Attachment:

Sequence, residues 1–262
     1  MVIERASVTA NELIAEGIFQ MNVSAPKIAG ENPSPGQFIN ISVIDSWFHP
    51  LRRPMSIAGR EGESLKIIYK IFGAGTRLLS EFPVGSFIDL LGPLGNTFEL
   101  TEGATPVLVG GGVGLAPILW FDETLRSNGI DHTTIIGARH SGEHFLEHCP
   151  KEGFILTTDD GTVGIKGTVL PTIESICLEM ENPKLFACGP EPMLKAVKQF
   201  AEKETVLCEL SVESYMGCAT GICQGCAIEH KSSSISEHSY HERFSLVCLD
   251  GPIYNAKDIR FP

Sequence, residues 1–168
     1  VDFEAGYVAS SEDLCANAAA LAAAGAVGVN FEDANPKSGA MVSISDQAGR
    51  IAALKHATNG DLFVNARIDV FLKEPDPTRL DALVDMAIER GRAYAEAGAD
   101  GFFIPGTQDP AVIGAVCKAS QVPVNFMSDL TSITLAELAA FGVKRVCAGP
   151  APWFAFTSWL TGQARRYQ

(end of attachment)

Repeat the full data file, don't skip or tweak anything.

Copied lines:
Sequence, residues 1–262
     1  MVIERASVTA NELIAEGIFQ MNVSAPKIAG ENPSPGQFIN ISVIDSWFHP
    51  LRRPMSIAGR EGESLKIIYK IFGAGTRLLS EFPVGSFIDL LGPLGNTFEL
   101  TEGATPVLVG GGVGLAPILW FDETLRSNGI DHTTIIGARH SGEHFLEHCP
   151  KEGFILTTDD GTVGIKGTVL PTIESICLEM ENPKLFACGP EPMLKAVKQF
   201  AEKETVLCEL SVESYMGCAT GICQGCAIEH KSSSISEHSY HERFSLVCLD
   251  GPIYNAKDIR FP

Sequence, residues 1–168
     1  VDFEAGYVAS SEDLCANAAA LAAAGAVGVN FEDANPKSGA MVSISDQAGR
    51  IAALKHATNG DLFVNARIDV FLKEPDPTRL DALVDMAIER GRAYAEAGAD
   101  GFFIPGTQDP AVIGAVCKAS QVPVNFMSDL TSITLAELAA FGVKRVCAGP
   151  APWFAFTSWL TGQARRYQ